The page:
Figure 1. Necessary improvements for modern peptide synthesis (reproduced from Ref. 5[5]).

    Let me give you some examples of the differences between the two methodologies. Most of the SPPS method depends on reagent-controlled reactions. Specifically, the method depends on carboxylic acid activation. Numerous activation reagents have been developed, and in fact, many are commercially available. Our substrate-controlled reactions depend on tantalum-catalyzed reactions [Figure 2]. Ta metal has a strong affinity to oxygen but a weaker affinity to nitrogen. This unique property plays an important role in this transformation and no other metal ions work for this purpose[6-8].

    Figure 2. Substrate-controlled reactions using Ta catalysts.

    Starting with this peptide synthesis, we decided to develop a completely new and transformative methodology from the previous SPPS methodology.

    Importance of convergent synthesis

    We have successfully changed from a linear to a convergent synthetic route [Figure 3]. This is related to the later described protecting group-free strategy, where the protecting group-free protocols for both the head and tail amino acid and carboxylic acid groups are successfully activated to realize the simultaneous synthesis from three components (m + n + o). As a result, not only can 50-peptide insulin be synthesized but also the 100-peptide limit is closer to being achieved[9].

    Figure 3. Convergent synthesis of peptides.

    Amide to amide transformation is reasonably rare in organic synthesis. In this case, an amide bond is activated by the Boc group of an amino acid to thus generate a new longer peptide. The method can also be used for peptide bond formation as a convergent methodology [Figure 4][10].

    Figure 4. New method using diketopiperazines.

    Use of safe solvents

    In order to use solvents safe for humans, we have developed a supersilyl method that increases the lipophilicity of peptides and have successfully used ordinary solvents, such as ethyl acetate, toluene, and acetonitrile [Figure 5][10].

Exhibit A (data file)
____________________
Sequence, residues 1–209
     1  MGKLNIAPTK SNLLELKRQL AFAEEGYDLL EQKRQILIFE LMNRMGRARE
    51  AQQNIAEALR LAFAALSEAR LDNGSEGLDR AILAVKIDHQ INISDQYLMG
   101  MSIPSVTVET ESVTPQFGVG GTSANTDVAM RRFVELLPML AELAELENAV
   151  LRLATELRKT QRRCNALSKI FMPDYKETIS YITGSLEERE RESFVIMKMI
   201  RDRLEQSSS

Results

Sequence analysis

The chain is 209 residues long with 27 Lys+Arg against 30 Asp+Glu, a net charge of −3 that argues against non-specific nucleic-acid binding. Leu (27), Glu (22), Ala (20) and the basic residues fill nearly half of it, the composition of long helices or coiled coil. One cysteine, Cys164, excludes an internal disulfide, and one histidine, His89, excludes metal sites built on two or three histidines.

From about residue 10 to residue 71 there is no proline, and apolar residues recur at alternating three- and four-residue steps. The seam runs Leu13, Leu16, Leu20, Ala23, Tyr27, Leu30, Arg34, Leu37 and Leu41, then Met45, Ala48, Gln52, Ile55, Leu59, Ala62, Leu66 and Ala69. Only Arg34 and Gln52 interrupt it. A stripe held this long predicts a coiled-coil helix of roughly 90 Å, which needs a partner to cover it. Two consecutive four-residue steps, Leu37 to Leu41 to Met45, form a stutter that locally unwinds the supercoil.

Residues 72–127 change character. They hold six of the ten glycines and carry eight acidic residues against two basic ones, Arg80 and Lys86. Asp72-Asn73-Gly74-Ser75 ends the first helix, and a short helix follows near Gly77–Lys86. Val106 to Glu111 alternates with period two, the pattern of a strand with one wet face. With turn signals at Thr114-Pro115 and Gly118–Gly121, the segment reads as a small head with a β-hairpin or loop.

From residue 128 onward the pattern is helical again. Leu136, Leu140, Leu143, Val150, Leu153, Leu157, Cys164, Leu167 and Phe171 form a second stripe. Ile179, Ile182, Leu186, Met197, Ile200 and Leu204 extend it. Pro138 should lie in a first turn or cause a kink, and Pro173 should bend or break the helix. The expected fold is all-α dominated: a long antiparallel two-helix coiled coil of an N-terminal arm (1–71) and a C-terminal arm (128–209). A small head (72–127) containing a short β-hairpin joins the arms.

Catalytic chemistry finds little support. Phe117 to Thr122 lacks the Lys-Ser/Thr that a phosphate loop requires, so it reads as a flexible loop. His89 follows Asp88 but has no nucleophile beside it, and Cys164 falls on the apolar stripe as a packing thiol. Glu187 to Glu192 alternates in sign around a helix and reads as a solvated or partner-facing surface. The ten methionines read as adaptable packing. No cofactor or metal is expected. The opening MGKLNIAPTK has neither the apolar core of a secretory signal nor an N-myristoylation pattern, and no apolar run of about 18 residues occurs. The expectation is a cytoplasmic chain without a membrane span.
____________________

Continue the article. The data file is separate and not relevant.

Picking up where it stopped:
Figure 5. Supersilyl as the key to high hydrophobicity.

    Reduction in use of resin materials

    Since this is a solution method, the expensive solid resin is not used. In fact, solid phase peptide synthesis is based on resin, which has a rather large molecular weight and, moreover, is difficult to analyze after the reaction.

    Protecting group-free synthesis

    Using various inexpensive metal reactants, the first protection group-free peptide synthesis was enabled by metal ions of silicon and aluminum [Figure 6]. In both cases, the metal ion plays two roles in organic synthesis, namely, carboxylic acid activation and amino group protection[10].

    Figure 6. Concept of non-peptide synthesis.

    Flow synthesis

    Using protecting Fmoc groups in our flow synthesis, a high purity tetrapeptide was obtained with a 90% yield in three steps [Figure 7]. Flow synthesis fulfilled the role of providing a component in the above-mentioned convergent synthesis. The pentafluorophenyl ester plays the following important roles in our peptide synthesis. First, it enables a high reactivity of activation of carboxylic acid. Second, it enables the reaction proceeds in three minutes at room temperature. Finally, it allows a substrate ratio of 1:1 to be used for the process[10].

    Figure 7. Flow peptide synthesis.

    Environmentally benign purification

    Since this basically is not a carboxylic acid activation method, racemization does not require consideration, and because a hydrophilic supersilyl method is used, an ordinary simple short path column is sufficient [Figure 8][10].